> On Wed, Feb 26, 2014 at 04:24:54PM -0500, Steve Dainard wrote:
> > Would it not be possible for root to disable selinux enforcement?

It should also be possible to copy private keys out of ~user/.ssh and login to 
other machines as "user", assuming no password on the ssh key pair.

It's probably best to assume that all your client machines are under the 
control of knowledgeable, malicious admins, and to put your important 
information somewhere other than your client machines. The only real way to 
"take back the night" is to force your users to connect to a service you 
control using an authentication mechanism you control. (e.g., Kerberos service 
tickets: accept no substitute. :) ) Prohibiting them from making any changes 
makes you responsible for every last customization. Delegating frees you up, 
but requires trust. Probably a good rule of thumb is to be generous doling out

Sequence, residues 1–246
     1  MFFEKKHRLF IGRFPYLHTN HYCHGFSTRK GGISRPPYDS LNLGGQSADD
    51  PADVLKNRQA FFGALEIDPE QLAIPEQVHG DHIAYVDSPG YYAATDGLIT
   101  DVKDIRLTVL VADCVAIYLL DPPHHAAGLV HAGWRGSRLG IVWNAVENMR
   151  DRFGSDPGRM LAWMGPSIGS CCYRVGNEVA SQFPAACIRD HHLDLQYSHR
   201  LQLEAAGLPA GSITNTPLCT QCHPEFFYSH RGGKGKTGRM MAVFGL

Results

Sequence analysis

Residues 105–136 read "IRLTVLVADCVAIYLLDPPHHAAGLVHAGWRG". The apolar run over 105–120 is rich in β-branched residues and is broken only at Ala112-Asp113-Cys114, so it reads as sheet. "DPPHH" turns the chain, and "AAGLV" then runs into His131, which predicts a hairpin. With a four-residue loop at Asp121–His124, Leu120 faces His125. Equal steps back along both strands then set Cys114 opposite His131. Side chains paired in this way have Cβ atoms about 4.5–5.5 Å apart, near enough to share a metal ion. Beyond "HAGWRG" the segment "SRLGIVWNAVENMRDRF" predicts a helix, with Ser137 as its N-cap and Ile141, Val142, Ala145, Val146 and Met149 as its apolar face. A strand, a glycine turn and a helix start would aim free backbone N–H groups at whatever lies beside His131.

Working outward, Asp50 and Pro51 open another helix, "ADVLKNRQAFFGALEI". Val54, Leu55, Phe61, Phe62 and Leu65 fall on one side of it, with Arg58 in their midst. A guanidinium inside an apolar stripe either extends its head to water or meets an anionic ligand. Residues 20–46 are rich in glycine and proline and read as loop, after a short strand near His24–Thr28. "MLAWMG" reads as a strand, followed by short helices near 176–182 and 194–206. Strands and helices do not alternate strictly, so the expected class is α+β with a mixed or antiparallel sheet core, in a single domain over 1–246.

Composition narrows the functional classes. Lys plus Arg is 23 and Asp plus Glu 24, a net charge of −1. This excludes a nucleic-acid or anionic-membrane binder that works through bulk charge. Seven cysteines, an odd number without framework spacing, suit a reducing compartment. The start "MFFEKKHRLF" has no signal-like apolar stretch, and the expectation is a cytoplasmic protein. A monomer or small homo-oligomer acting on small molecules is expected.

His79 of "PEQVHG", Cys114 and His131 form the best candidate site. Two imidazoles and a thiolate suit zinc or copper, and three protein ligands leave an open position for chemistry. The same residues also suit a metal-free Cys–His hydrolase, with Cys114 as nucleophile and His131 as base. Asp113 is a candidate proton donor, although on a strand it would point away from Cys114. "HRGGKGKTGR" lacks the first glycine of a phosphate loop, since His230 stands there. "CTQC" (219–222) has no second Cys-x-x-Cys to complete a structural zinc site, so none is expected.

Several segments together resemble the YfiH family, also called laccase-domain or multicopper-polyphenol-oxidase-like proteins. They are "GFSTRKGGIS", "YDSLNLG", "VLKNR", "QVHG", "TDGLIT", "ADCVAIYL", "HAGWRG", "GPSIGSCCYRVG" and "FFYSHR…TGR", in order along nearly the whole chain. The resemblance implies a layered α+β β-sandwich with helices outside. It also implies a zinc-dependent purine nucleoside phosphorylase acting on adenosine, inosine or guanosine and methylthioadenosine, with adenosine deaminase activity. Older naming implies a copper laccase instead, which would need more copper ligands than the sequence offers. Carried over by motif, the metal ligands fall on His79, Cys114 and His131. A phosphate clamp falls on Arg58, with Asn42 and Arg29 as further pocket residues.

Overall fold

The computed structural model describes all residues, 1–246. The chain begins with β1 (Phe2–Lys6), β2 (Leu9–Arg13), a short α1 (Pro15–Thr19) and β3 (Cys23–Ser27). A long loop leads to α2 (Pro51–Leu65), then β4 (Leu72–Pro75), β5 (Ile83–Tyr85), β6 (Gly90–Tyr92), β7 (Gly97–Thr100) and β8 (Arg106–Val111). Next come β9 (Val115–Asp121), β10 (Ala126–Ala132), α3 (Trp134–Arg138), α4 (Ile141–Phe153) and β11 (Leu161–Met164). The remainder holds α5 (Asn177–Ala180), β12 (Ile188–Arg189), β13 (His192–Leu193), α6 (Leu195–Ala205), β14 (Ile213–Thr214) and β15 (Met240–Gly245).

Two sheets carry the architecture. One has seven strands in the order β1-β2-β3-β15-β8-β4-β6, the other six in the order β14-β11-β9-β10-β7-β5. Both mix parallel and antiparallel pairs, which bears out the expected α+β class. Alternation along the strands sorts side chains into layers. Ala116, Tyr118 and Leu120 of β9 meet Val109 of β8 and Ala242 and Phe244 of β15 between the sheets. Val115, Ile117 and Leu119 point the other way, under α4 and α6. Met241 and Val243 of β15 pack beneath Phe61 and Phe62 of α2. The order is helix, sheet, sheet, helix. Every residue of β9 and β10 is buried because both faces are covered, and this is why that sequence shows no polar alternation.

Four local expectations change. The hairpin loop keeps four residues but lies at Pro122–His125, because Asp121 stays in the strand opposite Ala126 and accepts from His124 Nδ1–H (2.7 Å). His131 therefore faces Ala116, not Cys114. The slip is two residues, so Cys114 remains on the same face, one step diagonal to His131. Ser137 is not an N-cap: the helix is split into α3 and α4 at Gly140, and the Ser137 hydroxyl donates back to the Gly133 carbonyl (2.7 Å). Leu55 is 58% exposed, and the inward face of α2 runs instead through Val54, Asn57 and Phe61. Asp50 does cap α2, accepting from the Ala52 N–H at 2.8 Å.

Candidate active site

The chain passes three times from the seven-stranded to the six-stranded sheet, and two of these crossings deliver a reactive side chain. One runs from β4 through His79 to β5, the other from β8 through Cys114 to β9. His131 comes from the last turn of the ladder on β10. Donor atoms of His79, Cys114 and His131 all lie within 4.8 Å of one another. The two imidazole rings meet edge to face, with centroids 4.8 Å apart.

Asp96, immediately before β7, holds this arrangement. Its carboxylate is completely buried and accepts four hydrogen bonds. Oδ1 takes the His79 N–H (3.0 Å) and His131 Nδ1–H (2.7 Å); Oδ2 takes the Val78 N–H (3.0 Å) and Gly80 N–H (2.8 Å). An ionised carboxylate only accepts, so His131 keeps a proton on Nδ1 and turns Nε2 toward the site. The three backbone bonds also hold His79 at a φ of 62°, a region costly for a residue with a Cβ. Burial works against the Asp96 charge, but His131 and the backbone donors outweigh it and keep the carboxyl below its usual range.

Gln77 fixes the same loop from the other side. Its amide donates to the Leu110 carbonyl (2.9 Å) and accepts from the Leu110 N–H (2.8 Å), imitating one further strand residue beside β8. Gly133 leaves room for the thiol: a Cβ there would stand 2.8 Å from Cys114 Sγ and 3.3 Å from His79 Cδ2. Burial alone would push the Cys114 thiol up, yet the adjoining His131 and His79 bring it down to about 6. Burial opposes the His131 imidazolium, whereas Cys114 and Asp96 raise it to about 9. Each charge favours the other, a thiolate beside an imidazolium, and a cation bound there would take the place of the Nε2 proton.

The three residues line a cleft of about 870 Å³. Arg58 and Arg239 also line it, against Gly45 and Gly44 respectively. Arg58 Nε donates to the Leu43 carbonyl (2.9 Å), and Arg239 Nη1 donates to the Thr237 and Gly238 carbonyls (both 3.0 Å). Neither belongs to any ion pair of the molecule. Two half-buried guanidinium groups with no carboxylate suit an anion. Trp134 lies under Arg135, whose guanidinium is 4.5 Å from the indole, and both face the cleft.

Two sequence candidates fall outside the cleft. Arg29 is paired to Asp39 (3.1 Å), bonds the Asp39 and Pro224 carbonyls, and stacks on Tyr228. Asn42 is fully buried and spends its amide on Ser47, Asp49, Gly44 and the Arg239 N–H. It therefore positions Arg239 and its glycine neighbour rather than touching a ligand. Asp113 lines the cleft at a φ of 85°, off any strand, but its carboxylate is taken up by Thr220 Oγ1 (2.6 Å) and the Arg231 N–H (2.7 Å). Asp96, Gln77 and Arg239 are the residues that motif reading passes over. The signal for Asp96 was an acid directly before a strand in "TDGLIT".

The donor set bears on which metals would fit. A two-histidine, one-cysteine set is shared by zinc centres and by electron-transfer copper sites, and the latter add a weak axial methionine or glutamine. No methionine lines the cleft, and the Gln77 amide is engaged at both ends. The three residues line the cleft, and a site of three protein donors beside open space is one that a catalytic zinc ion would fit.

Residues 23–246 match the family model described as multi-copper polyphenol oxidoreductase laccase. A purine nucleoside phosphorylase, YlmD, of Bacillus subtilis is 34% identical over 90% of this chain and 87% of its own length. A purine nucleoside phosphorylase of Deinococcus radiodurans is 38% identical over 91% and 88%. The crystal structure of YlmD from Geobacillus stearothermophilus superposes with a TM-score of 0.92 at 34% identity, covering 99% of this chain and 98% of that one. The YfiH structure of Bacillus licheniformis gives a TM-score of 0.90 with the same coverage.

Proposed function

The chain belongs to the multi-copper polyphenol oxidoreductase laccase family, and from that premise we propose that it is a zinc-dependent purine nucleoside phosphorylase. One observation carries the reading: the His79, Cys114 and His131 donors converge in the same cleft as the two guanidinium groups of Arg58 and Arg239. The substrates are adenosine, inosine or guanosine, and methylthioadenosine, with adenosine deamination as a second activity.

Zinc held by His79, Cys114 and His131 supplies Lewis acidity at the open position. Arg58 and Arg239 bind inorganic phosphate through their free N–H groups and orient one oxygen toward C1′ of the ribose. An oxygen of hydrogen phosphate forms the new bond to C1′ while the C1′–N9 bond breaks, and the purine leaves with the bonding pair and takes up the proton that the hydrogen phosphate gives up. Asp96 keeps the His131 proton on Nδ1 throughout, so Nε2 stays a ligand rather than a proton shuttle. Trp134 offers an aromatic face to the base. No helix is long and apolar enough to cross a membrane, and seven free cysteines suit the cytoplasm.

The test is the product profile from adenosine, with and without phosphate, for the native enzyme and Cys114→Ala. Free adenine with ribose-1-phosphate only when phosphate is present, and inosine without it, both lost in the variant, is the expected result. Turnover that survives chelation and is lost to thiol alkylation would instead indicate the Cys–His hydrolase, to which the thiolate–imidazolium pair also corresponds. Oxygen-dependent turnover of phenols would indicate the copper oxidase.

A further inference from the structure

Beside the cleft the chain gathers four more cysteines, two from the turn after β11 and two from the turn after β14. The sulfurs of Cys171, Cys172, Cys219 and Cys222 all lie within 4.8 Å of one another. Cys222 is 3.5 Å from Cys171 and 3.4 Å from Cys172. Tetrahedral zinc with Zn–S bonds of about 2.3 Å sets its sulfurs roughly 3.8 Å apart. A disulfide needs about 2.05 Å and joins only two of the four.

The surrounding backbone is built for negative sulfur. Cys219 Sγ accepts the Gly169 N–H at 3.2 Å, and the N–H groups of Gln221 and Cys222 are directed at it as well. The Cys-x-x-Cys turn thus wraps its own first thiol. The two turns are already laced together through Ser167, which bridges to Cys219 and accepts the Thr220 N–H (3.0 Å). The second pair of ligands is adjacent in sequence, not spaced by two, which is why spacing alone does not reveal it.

permissions when only one person will ever use the machine. Giving someone 
control over someone else's workspace should require consent of the controlled.

One thing that is nagging at me: I read that sssd caches your credentials in a 
form such that they can be retrieved and provided to your "organizational 
system". [1] This seems like a vector for a knowledgeable, malicious admin to 
break out of the client machine and impersonate someone else to any domain 
service. Is there a safeguard against this?

Bryce

[1] 
https://access.redhat.com/site/documentation/en-US/Red_Hat_Enterprise_Linux/5/html/Deployment_Guide/SSSD.html






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